hed: Robertson spares only his governor from heat
JACKSON - Comes the time again when a do-nothing Mississippi Legislature begs the question: Are we capable of self-government down here?
There's one saving grace to avoid a disastrous 2007 legislative session: A reform proposal to hike the ridiculously low cigarette tax and cut the oppressive 7 percent sales tax on groceries. But it is being stonewalled by the dunderhead Senate Finance committee chairman.
Ironically, Lt. Gov. Amy Tuck, a late convert to the cigarette/grocery concept, is now decrying the obstinacy of Republican Sen. Tommy Robertson in denying his committee, and the Senate, an opportunity to vote on the bill.
She, it must be remembered, appointed the Moss Point senator to chair the critical Finance committee over warnings that Robertson has three DUI citations and is an admitted lapdog for business lobbyists.
Robertson's 2003 arrest for driving under influence of alcohol (he had been convicted in one previous DUI arrest) is particularly odoriferous. It took place on the campus at Ole Miss in the Alumni House parking lot after a football game when he endangered the lives of several Texas Tech students with his vehicle.
He contested his arrest by campus police in the Oxford City Court and after several months of delays its outcome faded from view, amid speculation university officials were reluctant to alienate a powerful senator.
Old tobacco cronies
Robertson talks about sparing the Senate from a blood-letting by pocketing the cig/grocery bill. But he is really sparing his Republican boss, Gov. Haley Barbour, from taking the heat for axing the most monumental state tax reform in many years, whose cig tax increase happens to step on the toes of his old cronies in the tobacco industry.
Barbour's mantra is that he's against raising anybody's taxes. The question must be asked: Who is he protecting? Certainly it is not the little people of this state, the families at the lower end of the income scale. His anti-tax pledge didn't keep him from raising the bed tax in nursing homes, and attempting to raise the tax on hospitals.
Mississippi consumers pay 80 percent of the state's tax revenues, business only 20 percent. That means state services are largely supported out of the pockets of working people. Obviously Barbour wants to keep it that way, and Robertson wants to help him.
The cig/grocery Senate measure pigeonholed by Robertson and one passed overwhelmingly by the House last week (and pending in the Senate) would up the tobacco tax from 18 cents to $1 per pack and cut in half the 7 cent sales tax rate on groceries.
Long overdue equalizer
Newspapers have labeled it as the "tax swap" bill. I look at it in a different way: as the first step in a long-overdue equalization of the state tax burden away from heavy dependence on consumer taxes, especially the highly regressive sales tax.
For years I've argued against Mississippi's policy of taxing food/groceries at the full 7 cent gross sales tax rate. But it never got on the state political radar until Democrat Dick Molpus picked it up as an issue in his 1995 gubernatorial bid. Sadly, Molpus got nowhere with it.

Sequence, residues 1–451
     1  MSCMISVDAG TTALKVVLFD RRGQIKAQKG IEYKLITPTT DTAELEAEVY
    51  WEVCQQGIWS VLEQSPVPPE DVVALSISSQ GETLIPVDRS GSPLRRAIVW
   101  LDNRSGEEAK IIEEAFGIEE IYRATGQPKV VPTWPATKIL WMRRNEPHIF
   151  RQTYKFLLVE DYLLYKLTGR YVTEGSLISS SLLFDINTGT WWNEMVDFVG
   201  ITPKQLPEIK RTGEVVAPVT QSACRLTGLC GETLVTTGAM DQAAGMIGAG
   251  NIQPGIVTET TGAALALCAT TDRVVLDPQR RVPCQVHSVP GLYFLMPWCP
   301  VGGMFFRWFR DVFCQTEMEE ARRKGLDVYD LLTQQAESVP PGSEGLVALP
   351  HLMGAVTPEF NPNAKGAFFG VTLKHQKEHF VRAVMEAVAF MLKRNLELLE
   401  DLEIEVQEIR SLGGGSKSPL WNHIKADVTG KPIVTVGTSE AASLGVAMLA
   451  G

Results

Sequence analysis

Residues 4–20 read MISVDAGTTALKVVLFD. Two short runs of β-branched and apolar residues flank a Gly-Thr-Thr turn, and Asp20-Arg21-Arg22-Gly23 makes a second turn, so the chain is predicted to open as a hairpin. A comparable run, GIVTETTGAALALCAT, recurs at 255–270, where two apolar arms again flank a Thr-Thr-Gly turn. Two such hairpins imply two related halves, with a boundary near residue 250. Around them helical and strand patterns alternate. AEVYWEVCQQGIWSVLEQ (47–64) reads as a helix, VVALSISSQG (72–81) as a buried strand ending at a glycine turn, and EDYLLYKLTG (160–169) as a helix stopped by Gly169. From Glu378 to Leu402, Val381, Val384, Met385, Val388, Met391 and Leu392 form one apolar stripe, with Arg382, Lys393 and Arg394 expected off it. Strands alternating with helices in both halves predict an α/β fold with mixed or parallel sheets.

Since then, there's been a surge of public interest in it, as more writers and newspapers have picked it up as a prime issue. As arguably the nation's poorest state, Mississippi's tax system makes no sense by placing the heaviest burden on the most regressive tax of all, the gross sales tax.
The Stennis Institute study of tobacco and food policy options shows low income consumers spend three times more of their total budget on food at home than do higher income groups. Mississippi, the study confirms, is one of only three states that applies its full sales tax rate to groceries, with no offsetting relief for poorest families.
The study shows only half of Mississippi's 290,000 "working poor" eligible for federal food stamps apply for them, debunking the argument that a sales tax cut on groceries would not be of significant help to low income families.
In times past there's been a subtle racial message in Mississippi lawmakers' policy of keeping sales taxes high and income taxes low. The unspoken theory is that the only tax most black people pay is the sales tax.
Our economy and distribution of wealth have changed markedly in the past several decades and we have seen, for one thing, the rise of a black middle class that never existed before.
The point here is that equalization of the state tax burden would necessarily shift the structure to have the upper income class carry a larger share of the revenue burden. The 5 percent top income tax bracket needs to be put back to 6 percent, where it had been 30 years ago, and corporations shouldn't pay only the same income tax rate as individuals.
Maybe corporations and wealthier folks are the ones Haley Barbour means in his "no tax" theme song.
Bill Minor is a syndicated columnist who has covered Mississippi politics since 1947. His address is Box 1243, Jackson, MS 39215.